the time, there weren’t any women who were
full-fledged engineers,” Ratley said. “It was
all men . . .Women were not thought to really have a career.
You get married, and you quit.”
In college, she was
the only woman in her engineering courses and she is excited
to see the progress women have made
in engineering since she first joined the
Still, the figures haven’t changed much, and neither has engineering
approach. Only one percent of college graduates today are
women who have studied engineering.
Smith College’s new Picker Engineering
Program, the first of its kind at any of the nation’s women’s colleges,
is challenging both of these issues and is trying to integrate engineering
into the liberal arts context. On May 16, 2004, Smith graduated its first class
We want the program at Smith to be noted for the same quantitative rigor
for which MIT is known but at the same time we want our students and our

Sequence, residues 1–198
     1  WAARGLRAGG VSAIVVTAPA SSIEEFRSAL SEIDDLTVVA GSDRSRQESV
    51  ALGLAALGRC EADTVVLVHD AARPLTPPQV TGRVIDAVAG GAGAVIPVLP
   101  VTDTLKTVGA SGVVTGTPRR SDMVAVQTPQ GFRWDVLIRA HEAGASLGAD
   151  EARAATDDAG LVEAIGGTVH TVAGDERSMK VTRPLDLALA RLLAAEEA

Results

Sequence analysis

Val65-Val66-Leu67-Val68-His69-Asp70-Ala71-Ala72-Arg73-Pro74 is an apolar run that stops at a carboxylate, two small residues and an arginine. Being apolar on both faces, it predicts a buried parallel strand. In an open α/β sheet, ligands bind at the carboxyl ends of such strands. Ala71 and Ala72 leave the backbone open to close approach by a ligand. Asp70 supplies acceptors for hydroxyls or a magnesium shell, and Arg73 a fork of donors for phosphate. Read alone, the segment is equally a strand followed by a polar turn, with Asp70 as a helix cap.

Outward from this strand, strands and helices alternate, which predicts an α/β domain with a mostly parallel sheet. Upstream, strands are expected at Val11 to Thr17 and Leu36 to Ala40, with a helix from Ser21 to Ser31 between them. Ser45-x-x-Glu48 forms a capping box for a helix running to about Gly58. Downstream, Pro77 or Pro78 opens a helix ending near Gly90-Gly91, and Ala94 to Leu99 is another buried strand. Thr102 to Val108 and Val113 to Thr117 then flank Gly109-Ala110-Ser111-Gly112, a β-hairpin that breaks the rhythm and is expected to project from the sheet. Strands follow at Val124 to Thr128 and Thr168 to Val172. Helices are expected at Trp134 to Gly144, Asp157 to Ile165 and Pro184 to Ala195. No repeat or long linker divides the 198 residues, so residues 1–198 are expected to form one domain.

program to be known for the fusion of nature and the human spirit,” said
Domenico Grasso, program director and Rosemary Bradford Hewlett ’40 Professor
of Engineering, addressing Smith students and faculty at Convocation for
Women have not been drawn to engineering because of its
image as a field lacking social relevance, noted
William Wepfer, former Associate Chair of Graduate Studies at the George
W. Woodruff School of Mechanical Engineering School
the Georgia Institute of Technology. In contrast, observed, women are well
represented in the life sciences.
Graduates of Smith's Picker
Engineering Program were accepted into graduate programs such as Cornell,
University of California, Berkeley, and Dartmouth.
Several will be entering industry.